Phishing has been one of the most widespread and dangerous types of Internet scams for years, causing millions of users lose money, privacy and their peace of mind. But what exactly is phishing and how can you prevent it? We’ll be answering all of your questions in this week’s article. This guide will help you navigate the turbulent waters of the internet safely.
What is phishing?
If you happen to crawl out from under the rock from time to time and have been online in recent years, you’ve probably heard of phishing, the cyber equivalent of the old bait-and-switch. Phishing, surprisingly named after “fishing”, revolves around the bad agents trying to lure and hook your personal information through bait messages. The bait can be a regular email, a text message on your phone, a phone call, seemingly from a legitimate company like a bank, an online store, a government agency branch or a usual customer service. The hook is usually something that fish has to swallow, and in the world of online swindling hooks are represented by links leading to websites that look authentic down to the last pixel, but turn out to be a ploy to profit off of gullible users.
These sham sites lure you into giving up your confidential information like bank account numbers, passwords, and Social Security numbers (for the US residents). Cybercriminals then use this data to commit fraud or identity theft, leaving you with a tangled mess that can take years to untangle. Aside from that, they can sell your personal data on the black market, which is also pretty bad.
The important question to ask yourself now is how do you spot a phishing link amidst the sea of online content? Let’s take a closer look at the whole mechanism of phishing.
What is a common indicator of a phishing attempt?
The good ol’ hook, line, and sinker. Recognizing a phishing attempt is fairly easy if you can recognize the pattern. Phishing scams have become more sophisticated and convincing, making it trickier to spot them. Here are some common indicators of a phishing attempt:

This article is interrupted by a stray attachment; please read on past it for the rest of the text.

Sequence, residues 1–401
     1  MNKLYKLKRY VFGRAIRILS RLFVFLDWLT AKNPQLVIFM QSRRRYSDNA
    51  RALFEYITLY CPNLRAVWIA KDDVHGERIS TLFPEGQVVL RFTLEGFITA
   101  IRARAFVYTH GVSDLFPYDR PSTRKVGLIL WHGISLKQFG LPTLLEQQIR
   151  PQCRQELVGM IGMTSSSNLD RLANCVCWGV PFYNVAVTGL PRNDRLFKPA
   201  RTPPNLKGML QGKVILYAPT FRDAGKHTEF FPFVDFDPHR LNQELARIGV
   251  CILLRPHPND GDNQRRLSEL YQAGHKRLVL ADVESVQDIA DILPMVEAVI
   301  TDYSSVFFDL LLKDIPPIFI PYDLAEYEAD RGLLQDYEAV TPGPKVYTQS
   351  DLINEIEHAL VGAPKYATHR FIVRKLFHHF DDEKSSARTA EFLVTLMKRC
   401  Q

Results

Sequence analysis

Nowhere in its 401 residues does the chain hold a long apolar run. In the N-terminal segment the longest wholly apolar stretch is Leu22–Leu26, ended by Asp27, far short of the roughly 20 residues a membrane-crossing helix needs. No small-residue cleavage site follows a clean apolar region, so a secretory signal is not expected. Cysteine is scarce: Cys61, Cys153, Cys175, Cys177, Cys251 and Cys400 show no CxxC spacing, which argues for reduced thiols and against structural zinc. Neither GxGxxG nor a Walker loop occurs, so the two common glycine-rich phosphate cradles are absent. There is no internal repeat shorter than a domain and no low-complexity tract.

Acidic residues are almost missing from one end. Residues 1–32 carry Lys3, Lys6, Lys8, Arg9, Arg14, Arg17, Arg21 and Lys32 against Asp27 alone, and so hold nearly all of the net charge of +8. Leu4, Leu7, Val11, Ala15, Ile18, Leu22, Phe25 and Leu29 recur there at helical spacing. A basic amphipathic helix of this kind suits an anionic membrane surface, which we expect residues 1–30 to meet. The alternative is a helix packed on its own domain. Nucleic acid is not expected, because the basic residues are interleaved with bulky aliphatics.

A Sense of Urgency
Phishing emails often use scare tactics, like warnings about account closure or unauthorized activity, to prompt immediate action. Be wary of messages pressuring you to act immediately or face dire consequences. They often come up with exquisite calls for immediate action, like you’re running out of time and it is your last chance to save your soul.
Many phishing emails begin with generic greetings like “Dear friend”, “Dear valued customer” or “Dear account holder.” Legitimate companies often use your name in their communications. Also, scammers don’t see anything wrong in using ridiculous names or names of famous people on their accounts, as you may have witnessed if some bozo had sent you a letter or two saying that he’s your long-lost relative from another continent.
Spelling and Grammar Errors
We at ZoogVPN aren’t scholars in English philology, but still, some of these scamming emails are hilarious to read. While anyone can make a typo, glaring spelling and grammar mistakes in an email supposedly from a reputable company can be a red flag. Legitimate companies often have teams dedicated to ensuring their communications are error-free. Or at least a Grammarly account.
Often times, scammers are using links with mismatched destination URLs. Also, they may use a shortened email by using bit . ly or similar shortening services. DO NOT OPEN these links. Of course, there are also emails with a snake-like paragraph-long link with all kinds of symbols, those are no-no as well. As a matter of fact, don’t open any links sent by some randoms, ok?
Request for Confidential Information
This is outright disrespectful. Legitimate companies won’t ask for sensitive information like your password or Social Security number via email. If an email or site is asking you to enter this kind of information, it’s a big red flag. Scammers may create something creative like they’re looking forward to working in the field you’re in, and ask for your information, but if you don’t know who are these people and what company/organization they represent, don’t bother responding.
Unknown or unusual Sender
If the email is coming from a public email domain, like @gmail.com or @yahoo.com, instead of a corporate email domain, or the sender’s email address doesn’t match the company’s usual format, be suspicious.
How to spot phishing links?
Knowing how to spot a phishing link is your best defense against these cyber scams. Here are some tips:
Check the URL
Before you click, hover over the link to see the actual URL. Look for subtle misspellings, extra or unusual characters, or unfamiliar domains.
Look for “https”